A variety of food incentive programs help make things even more affordable and encourage healthy eating. For example, in New York City, a program called Health Bucks provides SNAP users with a bonus of $2 for every $5 they spend at a greenmarket. That 40% incentive payment can be used only on fruits and vegetables. Another incentive program, Double Up Food Bucks, is available in 12 counties in Western New York, with plans to expand to additional regions. Under the program, a family that spends $10 in SNAP benefits at a participating farmers market receives an additional $10 in Food Bucks coupons to purchase locally grown fruits and vegetables. Double Up Food Bucks, which now operates in more than 20 states, has a more generous match than many other incentive programs, providing a dollar-to-dollar match to SNAP benefits, up to $20 per visit to a participating market.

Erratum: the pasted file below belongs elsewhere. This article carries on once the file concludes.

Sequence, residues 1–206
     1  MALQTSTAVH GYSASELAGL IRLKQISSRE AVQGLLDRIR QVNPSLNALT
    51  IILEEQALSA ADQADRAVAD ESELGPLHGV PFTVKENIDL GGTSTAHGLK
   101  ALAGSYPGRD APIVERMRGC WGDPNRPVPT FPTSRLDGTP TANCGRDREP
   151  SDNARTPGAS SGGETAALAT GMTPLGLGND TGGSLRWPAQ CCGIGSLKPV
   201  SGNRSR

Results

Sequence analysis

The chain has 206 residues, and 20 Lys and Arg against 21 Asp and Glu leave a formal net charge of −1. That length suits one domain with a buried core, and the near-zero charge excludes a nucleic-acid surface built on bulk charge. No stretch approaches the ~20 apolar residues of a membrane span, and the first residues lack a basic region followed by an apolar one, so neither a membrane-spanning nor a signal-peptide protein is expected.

But there’s a crisis brewing, and access to affordable food at farmers markets is at risk. Earlier this summer, it was announced that the Novo Dia Group, a leading provider of the technology for processing SNAP payments at farmers markets, would shut down abruptly by the end of July. Approximately 40% of all transactions nationally go through Novo Dia software, including all 50 GrowNYC farmers markets and many others throughout New York State. Those farmers markets that rely on Novo Dia — and the customers who rely on those markets — were left in a lurch, without a clear alternative to process SNAP payments uninterrupted. (Transitioning to a different platform is more complicated than you’d think; there is a good explanation in this Grub Street article.) And if you can’t use your SNAP benefits, you also won’t be able to use those food incentive programs that help people stretch their household budgets. Eliminating SNAP recipients’ access to affordable healthy foods at farmers markets would be a disaster.